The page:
I've noticed two distinct ways social media have changed the way we talk to each other about politics. Clearly, they have changed a lot, maybe everything, but two fairly new phenomena stand out.
One happens on Facebook all the time. Just about all of your friends are posting about the election, nonstop. And there are a few who brag about deleting friends, or who urge friends to unfriend them over their political leanings: "Just unfriend me now." Or something like "If you can't support candidate X/Y, we don't need to be friends anymore." Or "Congrats, if you're reading this, you survived my friend purge!" Etc. You know how it goes. This public declaration, if not celebration, of the end of friendships because of politics.
And then on Twitter, there's the public shaming of those who dare disagree with or insult you. (I am guilty of this.) Someone tweets at you with something incendiary, bashing the article you just shared or the point you just made, mocking something you said about politics, calling you stupid. You quote the tweet, maybe sarcastically, to prove it doesn't affect you. But it does! You tweeted it back, to all of your followers. It's an odd cycle. A rebuttal of nasty political exchanges by highlighting nasty political exchanges.
This is our present political social life: We don't just create political strife for ourselves; we seem to revel in it.
When we look back on the role that sites like Twitter, Facebook (and Instagram and Snapchat and all the others) have played in our national political discourse this election season, it would be easy to spend most of our time examining Donald Trump's effect on these media, particularly Twitter. It's been well-documented; Trump may very well have the most combative online presence of any candidate for president in modern history.
But underneath that glaring and obvious conclusion, there's a deeper story about how the very DNA of social media platforms and the way people use them has trickled up through our political discourse and affected all of us, almost forcing us to wallow in the divisive waters of our online conversation. And it all may have helped make Election 2016 one of the most unbearable ever.
A problem with format
Fully understanding just how social media have changed our national political conversation means understanding what these platforms were initially intended to do, and how we use them now.
At its core, Twitter is a messaging service allowing users (who can remain anonymous) to tweet out information, or opinions, or whatever, in 140-character bursts. For many critics, that DNA makes Twitter antithetical to sophisticated, thoughtful political conversation.
"Both the technology itself, and the way we choose to use the technology, makes it so that what ought to be a conversation is just a set of Post-it notes that are scattered," Kerric Harvey, author of the "Encyclopedia of Social Media and Politics," said of Twitter. "Not even on the refrigerator door, but on the ground."
She argues that what we do on Twitter around politics isn't a conversation at all; it's a loud mess.
Bridget Coyne, a senior manager at Twitter, points to several features the company has added to those 140-character tweets: polls, photos, video, Moments and more. She also told NPR that the 140-character limit reflects the app's start as a mobile-first platform, and that it's different now. "We've evolved into a website and many other platforms from that." And she, like every other spokesman for any major social media platform, argues that sites like Twitter have democratized the political conversation, helping give everyone a voice, and that's a good thing.
But even accepting that point, and respecting every new addition to Twitter's list of tools, we find a way to keep arguing. Even the candidates do it.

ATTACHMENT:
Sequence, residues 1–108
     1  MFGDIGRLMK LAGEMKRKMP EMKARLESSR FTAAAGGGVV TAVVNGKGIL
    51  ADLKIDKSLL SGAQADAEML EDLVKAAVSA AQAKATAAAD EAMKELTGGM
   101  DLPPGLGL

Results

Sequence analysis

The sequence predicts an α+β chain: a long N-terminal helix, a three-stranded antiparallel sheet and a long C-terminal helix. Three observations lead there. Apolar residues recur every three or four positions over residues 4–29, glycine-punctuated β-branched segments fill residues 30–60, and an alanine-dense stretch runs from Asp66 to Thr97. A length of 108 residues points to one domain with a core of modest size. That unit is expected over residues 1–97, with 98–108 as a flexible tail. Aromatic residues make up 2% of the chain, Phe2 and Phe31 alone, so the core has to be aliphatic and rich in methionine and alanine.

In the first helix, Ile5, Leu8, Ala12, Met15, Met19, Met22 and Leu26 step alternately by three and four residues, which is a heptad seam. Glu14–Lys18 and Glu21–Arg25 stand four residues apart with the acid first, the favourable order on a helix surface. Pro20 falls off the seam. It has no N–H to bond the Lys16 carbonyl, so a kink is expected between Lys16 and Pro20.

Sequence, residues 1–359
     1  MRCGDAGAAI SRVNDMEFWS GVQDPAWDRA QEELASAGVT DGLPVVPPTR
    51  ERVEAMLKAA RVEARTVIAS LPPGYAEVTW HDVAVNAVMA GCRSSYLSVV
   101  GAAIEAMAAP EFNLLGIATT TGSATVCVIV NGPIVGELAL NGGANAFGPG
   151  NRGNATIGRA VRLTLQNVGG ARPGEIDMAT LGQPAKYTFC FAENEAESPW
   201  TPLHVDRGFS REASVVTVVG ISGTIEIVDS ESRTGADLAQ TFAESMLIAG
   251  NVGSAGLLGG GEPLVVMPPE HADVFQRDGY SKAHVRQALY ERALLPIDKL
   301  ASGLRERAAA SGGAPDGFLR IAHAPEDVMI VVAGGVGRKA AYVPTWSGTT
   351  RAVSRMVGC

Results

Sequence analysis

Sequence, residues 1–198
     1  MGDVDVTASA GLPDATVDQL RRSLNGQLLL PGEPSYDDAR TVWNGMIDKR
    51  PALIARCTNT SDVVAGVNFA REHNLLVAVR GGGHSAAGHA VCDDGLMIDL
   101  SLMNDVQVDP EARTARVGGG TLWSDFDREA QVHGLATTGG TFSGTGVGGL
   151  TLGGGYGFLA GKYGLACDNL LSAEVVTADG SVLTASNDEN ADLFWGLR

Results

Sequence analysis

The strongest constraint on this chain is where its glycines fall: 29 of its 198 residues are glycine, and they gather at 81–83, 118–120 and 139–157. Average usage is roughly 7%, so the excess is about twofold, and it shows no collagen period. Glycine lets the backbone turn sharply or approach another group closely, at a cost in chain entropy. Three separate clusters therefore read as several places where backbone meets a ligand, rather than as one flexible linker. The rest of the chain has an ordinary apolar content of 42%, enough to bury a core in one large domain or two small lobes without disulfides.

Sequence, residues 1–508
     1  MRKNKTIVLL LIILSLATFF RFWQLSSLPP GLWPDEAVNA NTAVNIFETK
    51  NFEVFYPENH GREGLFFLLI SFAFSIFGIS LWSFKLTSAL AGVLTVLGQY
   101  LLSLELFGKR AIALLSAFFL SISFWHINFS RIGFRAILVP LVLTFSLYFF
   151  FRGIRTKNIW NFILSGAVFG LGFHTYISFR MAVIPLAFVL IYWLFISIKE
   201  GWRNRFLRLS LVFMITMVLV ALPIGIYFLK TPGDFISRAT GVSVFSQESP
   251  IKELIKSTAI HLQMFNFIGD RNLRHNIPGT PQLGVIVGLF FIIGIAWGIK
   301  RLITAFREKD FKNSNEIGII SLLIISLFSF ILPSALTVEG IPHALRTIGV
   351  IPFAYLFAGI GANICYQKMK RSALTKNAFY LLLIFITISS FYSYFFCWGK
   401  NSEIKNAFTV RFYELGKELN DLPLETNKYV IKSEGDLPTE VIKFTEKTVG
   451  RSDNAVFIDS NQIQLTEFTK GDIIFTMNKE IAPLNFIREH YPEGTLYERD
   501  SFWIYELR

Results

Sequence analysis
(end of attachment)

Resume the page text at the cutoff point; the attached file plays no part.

One particular exchange between Hillary Clinton and Jeb Bush (remember him?) illustrates this new political reality. On Aug. 10, 2015, Clinton's Twitter account posted a graphic with the words: "$1.2 trillion, the amount 40 million Americans owe in student debt."
Jeb Bush's campaign replied, tweaking Clinton's own graphic to read "100%, The increase in student debt under this Democratic White House."
Those two tweets seem reasonable enough. But there was more. In response to the Bush campaign's response, Team Clinton scratched out the words in Bush's redone graphic, added its own scribbled letters, and etched a large "F" on top, for the "grade given to Florida for college affordability under Jeb Bush's leadership." The campaign tweeted the image with the caption "Fixed it for you."
And then, the Bush account replied once more, turning Clinton's "H" logo, with its right-pointing arrow, by 90 degrees, sending the arrow point skyward, with the word "taxes" printed behind over and over. That caption was "fixed your logo for you."
It was an exchange nearing petty; these two candidates were trolling each other. But for the most part it seemed totally normal in a campaign season like this one, and in the digital age in which we live. Establishment political figures like Bush and Clinton (or at least their young staffers) had co-opted the language of social media and mastered the formats, with all the snark and back and forth that come along with it, and with an extra incentive to adopt some of the meanness Trump has exhibited online.
There may be even more problems for Twitter than what real live people are doing on the app. A recent study conducted by a research team at Oxford University found that during the period of time between the first presidential debate and the second, one-third of pro-Trump tweets and nearly one-fifth of pro-Clinton tweets came from automated accounts. Douglas Guilbeault, one of the researchers in the study, told NPR that hurts political discourse. "They reinforce the sense of polarization in the atmosphere," he said. "Because bots don't tend to be mild-mannered, judicial critics. They are programmed to align themselves with an agenda that is unambiguously representative of a particular party. ... It's all 'Crooked Hillary' and 'Trump is a puppet.' "
So, if Twitter is a bunch of Post-it notes thrown on the ground, we now have to consider which of those notes are even real.
The company would not offer its own estimate on the number of bots on its app, or any on-the-record rebuttal to the study's findings, besides the following statement: "Anyone claiming that spam accounts on Twitter are distorting the national, political conversation is misinformed."
Even if there are questions about the number of bots on Twitter, the tone of the conversation there increasingly can't be denied. A recent study from the Anti-Defamation League found "a total of 2.6 million tweets containing language frequently found in anti-Semitic speech were posted across Twitter between August 2015 and July 2016," with many aimed at political journalists. And a Bloomberg report found trolling on the service is keeping the company from finding a buyer.
Facebook and the "echo chamber"